Called AquaAdvantage, the altered salmon could be served in U.S. households within the next few years. So far FDA scientists claim the modified fish is “as safe to eat as food from other Atlantic salmon” and that they have seen “no biologically relevant differences” between the real fish and its artificial counterpart.
The only difference between the natural and enhanced salmon is that the modified species is given a special gene and growth hormone that makes it develop twice as fast. The Massachusetts company (Aqua Bounty Technologies Inc.) that came up with the idea claims its specially engineered version is identical to the Atlantic salmon except for the speed of its growth.
Those willing to take a chance on this lab creation should at the very least have full disclosure from the government agency that approves it. The FDA, after all, gave legal rationale for its silence: Some clinical trial data are considered "trade secrets," or commercially protected information, and thus are exempted from release under the Freedom of Information Act. Since the FDA doesn't routinely perform comprehensive reviews of drugs once they are on the market, when uncommon but deadly side effects tend to be picked up, independent researchers are often the only hope of catching such flaws. But the trade-secrets rule can leave researchers in the dark about the most worrisome data—negative results that support a failed application to market a drug. No wander the FDA is notorious for compromising public health to protect the profits of companies that pay it hundreds of millions of dollars in “fees” to get their products approved.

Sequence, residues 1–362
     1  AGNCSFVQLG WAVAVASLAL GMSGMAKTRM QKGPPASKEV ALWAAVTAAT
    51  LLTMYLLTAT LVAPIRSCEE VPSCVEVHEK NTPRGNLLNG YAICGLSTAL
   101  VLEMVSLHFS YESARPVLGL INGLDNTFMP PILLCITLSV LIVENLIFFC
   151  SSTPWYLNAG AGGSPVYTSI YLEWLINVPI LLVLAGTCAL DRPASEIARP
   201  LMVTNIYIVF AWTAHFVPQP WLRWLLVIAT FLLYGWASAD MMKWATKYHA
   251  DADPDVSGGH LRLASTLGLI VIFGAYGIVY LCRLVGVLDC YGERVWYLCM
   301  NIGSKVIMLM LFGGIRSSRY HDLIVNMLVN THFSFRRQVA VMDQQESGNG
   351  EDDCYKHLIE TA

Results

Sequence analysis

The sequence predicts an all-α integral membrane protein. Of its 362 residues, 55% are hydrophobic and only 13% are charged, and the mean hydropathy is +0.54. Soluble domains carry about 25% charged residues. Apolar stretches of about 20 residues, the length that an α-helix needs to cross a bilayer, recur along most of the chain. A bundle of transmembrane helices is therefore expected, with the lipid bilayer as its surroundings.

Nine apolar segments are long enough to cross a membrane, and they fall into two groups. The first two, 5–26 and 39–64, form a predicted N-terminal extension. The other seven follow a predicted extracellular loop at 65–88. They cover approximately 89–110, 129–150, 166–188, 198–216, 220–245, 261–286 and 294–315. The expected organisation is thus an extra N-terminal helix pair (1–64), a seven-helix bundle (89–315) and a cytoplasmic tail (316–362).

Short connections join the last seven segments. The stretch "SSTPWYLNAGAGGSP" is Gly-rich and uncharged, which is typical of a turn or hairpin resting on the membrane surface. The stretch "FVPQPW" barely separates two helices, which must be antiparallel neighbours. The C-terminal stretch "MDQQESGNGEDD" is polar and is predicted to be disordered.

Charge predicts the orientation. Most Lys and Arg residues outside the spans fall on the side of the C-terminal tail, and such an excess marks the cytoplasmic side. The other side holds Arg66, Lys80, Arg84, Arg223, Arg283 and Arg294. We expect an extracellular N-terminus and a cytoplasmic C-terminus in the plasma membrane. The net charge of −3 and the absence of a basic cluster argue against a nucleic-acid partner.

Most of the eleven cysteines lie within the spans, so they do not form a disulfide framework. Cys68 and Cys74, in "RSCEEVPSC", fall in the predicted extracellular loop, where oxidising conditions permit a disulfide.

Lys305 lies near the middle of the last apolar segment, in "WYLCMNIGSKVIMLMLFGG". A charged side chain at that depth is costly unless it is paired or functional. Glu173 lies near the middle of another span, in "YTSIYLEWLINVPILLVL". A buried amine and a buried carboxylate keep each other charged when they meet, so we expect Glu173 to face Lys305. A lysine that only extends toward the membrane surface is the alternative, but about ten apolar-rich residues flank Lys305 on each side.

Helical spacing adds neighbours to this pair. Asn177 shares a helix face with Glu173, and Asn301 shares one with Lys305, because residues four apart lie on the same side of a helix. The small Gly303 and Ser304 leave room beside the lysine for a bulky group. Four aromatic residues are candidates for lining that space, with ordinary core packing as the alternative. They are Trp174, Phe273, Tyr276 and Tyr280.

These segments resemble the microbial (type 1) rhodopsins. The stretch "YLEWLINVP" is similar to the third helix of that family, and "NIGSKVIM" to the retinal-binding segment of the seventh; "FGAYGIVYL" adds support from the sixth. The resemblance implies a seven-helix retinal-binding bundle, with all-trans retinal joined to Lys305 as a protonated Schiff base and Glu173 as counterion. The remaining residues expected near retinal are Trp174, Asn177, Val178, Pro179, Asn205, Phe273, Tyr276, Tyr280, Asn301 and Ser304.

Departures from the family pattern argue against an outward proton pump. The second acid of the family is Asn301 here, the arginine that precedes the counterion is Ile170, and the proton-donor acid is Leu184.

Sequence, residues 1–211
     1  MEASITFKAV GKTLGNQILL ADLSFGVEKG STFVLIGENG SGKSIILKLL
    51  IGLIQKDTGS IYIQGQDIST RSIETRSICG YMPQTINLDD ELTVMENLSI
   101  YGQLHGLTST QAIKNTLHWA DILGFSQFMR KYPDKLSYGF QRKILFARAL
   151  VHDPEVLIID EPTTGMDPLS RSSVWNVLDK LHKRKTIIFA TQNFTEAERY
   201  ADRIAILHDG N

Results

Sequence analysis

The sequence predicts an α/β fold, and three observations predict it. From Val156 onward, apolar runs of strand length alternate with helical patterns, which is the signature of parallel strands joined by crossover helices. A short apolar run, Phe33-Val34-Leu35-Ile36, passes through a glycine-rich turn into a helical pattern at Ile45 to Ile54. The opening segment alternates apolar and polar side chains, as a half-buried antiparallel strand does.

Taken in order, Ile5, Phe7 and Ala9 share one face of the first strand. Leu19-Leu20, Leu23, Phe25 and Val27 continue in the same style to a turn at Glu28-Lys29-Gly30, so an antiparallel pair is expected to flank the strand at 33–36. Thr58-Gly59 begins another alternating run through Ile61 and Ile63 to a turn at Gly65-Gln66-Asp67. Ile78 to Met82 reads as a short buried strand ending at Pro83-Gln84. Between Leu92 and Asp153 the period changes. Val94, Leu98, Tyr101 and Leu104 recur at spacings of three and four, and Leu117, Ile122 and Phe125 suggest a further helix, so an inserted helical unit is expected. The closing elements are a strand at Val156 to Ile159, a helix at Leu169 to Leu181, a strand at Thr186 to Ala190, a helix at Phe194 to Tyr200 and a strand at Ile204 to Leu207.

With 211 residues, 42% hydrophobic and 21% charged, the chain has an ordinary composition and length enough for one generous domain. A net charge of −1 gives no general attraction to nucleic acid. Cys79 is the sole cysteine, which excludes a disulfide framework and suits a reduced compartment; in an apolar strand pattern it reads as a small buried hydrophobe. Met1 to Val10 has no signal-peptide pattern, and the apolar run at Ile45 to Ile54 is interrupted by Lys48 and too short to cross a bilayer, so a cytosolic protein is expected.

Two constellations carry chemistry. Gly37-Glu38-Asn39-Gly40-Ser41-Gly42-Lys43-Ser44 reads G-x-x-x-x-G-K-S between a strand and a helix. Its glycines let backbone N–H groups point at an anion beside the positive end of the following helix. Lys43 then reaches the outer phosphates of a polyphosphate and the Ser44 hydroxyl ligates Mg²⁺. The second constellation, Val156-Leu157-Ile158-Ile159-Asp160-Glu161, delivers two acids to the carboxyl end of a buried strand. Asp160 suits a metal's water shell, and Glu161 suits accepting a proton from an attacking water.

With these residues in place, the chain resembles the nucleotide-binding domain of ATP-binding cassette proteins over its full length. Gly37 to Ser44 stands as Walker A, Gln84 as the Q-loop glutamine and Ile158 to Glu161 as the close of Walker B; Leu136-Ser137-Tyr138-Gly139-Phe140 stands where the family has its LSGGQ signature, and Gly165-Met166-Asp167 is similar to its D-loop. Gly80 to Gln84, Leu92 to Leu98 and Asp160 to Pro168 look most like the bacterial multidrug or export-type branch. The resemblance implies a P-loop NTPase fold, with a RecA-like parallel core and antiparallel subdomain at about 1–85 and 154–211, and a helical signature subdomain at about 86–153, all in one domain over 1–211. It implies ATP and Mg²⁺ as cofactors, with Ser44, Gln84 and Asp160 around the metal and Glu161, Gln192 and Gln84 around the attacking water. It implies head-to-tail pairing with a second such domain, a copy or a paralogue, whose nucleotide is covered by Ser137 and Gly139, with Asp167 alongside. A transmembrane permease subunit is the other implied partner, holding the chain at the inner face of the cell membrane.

The popular mantra, in one form or another, is one that you may have heard someone say in response to the idea of drinking unpasteurized milk, or raw milk, which is, “dangerous,” and the only way to make it safe for human consumption is to pasteurize it (killing everything nutritious about milk too). The Food and Drug Administration and the US Centers for Disease Control and Prevention continue to marginalize this health-promoting "superfood" by publicly repeating such lies against it.